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Part 1, Grand Turk

By Pam Asberry

I love everything about cruising, from the first glimpse of the flipper on top of a Carnival cruise ship


to the fruity, frosty welcome-aboard cocktail


to having an excuse to unplug from the cell phone and electronic media for a few days.


My 17yo, aka RockStar, saying his last-minute goodbyes.

Our last cruise adventure started at Port Lauderdale, Florida and took us to four islands in the southern Caribbean. Our first stop? Grand Turk.

I like to start early port days with breakfast in the room. Grand Turk was no exception. My favorite: bagels, cream cheese and lox.


Once off the ship, we hopped on an air-conditioned bus for our ship-sponsored shore excursion, The Grand Turk Experience. 


Driving north through Cockburn Town, we passed by the old U.S. Air Force facility and a roadside monument to John Glenn’s Friendship 7 mission (Glenn splashed down a short distance off shore and came to the island to be debriefed on his 1962 mission) as well as the lovely Saint Thomas Anglican Church. The oldest church on Grand Turk, it was built in 1823 by Bermudan settlers.


Continuing on into the town of Salina, or “salt pit,”  Our first stop was the Salt House Museum, built in 2007 to provide visitors to Grand Turk with an understanding of the importance of salt mining in Grand Turk’s history. Built in the style of a typical salt shed, the museum contains a wealth of information on the history of salt mining in the area. The museum also features a cafe and gift shop that sells salt-based products and other souvenirs.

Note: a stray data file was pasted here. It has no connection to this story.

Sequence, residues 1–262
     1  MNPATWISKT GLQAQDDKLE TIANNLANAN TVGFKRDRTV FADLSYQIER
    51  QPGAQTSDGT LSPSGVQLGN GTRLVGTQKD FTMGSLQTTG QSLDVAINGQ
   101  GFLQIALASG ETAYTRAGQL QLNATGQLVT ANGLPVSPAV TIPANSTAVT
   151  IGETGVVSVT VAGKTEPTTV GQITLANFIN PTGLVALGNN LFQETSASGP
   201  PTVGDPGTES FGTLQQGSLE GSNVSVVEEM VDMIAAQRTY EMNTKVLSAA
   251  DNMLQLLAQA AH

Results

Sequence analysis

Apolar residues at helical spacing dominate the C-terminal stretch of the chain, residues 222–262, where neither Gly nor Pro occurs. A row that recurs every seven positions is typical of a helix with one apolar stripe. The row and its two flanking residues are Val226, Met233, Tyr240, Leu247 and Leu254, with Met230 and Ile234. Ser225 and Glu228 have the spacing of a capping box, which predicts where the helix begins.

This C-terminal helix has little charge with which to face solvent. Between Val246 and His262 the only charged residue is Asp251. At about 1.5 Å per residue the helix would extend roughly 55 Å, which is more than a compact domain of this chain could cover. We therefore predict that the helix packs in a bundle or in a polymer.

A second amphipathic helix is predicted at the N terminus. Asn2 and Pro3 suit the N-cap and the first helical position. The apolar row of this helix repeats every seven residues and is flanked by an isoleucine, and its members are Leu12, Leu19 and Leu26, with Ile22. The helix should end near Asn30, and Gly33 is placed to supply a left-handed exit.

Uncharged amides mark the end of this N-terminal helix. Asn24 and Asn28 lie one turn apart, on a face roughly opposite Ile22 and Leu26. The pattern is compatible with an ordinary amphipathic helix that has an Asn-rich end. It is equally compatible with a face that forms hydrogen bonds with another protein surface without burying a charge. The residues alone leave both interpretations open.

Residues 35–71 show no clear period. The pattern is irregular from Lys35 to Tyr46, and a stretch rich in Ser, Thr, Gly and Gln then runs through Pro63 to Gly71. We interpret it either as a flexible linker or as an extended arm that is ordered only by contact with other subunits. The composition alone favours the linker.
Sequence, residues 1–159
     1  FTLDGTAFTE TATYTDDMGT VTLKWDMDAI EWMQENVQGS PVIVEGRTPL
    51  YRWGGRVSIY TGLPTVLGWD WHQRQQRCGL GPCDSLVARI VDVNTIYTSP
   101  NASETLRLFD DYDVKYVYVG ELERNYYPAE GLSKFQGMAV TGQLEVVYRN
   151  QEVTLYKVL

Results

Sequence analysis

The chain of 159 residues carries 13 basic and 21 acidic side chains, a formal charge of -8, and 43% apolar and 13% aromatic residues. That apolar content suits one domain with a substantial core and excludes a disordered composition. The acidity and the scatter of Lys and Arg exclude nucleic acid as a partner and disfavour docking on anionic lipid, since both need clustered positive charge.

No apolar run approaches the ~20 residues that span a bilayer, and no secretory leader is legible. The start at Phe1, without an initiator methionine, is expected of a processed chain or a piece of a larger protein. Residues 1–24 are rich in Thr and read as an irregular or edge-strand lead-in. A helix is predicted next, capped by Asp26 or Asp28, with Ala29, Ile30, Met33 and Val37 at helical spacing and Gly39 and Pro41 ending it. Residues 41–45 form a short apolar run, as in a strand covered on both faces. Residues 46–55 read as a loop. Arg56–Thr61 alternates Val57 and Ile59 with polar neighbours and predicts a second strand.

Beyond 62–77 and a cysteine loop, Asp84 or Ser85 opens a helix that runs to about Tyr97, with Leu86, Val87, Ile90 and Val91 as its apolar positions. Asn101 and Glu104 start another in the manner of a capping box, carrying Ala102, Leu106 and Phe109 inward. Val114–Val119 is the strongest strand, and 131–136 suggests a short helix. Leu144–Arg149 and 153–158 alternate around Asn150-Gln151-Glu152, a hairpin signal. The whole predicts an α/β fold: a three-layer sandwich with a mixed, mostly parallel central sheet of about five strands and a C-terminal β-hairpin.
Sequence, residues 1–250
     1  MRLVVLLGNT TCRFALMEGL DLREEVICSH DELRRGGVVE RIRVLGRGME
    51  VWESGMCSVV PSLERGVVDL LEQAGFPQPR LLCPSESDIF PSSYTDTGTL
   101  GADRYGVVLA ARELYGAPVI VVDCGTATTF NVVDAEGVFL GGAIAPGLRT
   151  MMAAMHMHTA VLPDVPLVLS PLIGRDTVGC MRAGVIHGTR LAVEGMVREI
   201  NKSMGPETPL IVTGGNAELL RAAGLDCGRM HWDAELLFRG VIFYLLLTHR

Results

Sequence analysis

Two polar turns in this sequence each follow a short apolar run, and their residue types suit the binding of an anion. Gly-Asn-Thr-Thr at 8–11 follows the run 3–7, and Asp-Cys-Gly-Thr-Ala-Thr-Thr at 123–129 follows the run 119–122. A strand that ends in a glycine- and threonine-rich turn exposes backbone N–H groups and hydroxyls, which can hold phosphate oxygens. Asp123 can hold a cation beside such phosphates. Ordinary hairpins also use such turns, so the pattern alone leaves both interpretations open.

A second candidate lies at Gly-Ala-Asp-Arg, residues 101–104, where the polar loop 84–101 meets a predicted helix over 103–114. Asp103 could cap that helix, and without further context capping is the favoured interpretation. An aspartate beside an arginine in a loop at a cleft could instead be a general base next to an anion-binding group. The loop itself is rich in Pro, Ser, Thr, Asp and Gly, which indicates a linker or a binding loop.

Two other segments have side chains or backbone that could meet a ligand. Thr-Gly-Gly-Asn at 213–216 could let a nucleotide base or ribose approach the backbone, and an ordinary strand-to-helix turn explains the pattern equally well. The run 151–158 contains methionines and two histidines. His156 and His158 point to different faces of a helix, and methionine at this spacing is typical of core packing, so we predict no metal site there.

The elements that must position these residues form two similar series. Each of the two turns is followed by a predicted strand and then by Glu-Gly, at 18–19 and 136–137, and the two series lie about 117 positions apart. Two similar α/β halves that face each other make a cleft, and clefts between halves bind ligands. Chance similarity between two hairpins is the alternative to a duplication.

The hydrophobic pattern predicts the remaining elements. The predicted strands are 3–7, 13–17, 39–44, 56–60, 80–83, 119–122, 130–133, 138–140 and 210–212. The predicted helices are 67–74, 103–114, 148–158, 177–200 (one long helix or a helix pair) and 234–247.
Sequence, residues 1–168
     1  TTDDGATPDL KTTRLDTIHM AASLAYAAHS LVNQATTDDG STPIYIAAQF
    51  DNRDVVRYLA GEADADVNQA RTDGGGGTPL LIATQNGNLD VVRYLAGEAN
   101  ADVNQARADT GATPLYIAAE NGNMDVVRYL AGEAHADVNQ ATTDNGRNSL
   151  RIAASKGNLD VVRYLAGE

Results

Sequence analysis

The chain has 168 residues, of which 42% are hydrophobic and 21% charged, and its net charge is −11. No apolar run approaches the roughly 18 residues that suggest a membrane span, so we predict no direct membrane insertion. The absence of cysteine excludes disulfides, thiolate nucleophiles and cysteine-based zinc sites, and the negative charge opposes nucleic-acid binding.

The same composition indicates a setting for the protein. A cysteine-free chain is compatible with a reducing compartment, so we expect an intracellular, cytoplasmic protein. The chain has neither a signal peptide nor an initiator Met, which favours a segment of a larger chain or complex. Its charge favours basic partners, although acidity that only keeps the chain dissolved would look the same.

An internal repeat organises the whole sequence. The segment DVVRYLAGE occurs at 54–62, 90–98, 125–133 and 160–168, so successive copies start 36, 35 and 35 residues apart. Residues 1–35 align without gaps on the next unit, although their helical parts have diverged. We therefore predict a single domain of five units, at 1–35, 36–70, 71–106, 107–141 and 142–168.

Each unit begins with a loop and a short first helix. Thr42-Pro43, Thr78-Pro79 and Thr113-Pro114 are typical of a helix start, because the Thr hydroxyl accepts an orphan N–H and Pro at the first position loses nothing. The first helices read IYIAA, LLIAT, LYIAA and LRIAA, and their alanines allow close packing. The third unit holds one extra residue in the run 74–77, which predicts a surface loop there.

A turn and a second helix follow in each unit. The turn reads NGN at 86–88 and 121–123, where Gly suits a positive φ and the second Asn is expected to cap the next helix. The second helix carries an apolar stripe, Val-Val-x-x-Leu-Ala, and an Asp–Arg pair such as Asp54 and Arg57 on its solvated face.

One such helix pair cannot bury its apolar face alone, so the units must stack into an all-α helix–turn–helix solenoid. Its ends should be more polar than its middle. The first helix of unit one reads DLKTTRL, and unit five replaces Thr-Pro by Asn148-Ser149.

“White Gold”


Salt House Museum, Grand Turk

Continuing up the length of the island, we reached Grand Turk’s iconic Lighthouse. Constructed in England, shipped in pieces to the island, and erected by British architect Alexander Gordon in 1852, it was was built to alert sailors of the nearby shallow reef. Since modernized, it still protects the capital island of the Turks and Caicos and is a prized historic site protected by the National Trust.


Lighthouse, Grand Turk

Visitors are not allowed into the lighthouse, but from the adjacent park grounds, we took in some some spectacular views of the Atlantic from the cliff’s top pathways


and made acquaintance with a few of the tame donkeys that live on the grounds.


RockStar kept a safe distance.

Next on the itinerary was the Bohio Diving Resort situated on Pillory Beach, highly recommended for its powdery sand and smaller waves and less crowded than nearby Governors Beach. The beach chairs set us back $10 apiece and a local brew cost $7, but the luxury was worth the price.


When our time at the beach was up, the bus returned us to the port, where Rock Star and I made one last stop: Jimmy Buffet’s Margaritaville, located on the Carnival Cruise Center.


“Wastin’ away again…”

We treated ourselves to a local snack


Conch Fritters

and amused ourselves watching the antics of all the revelers on the beach.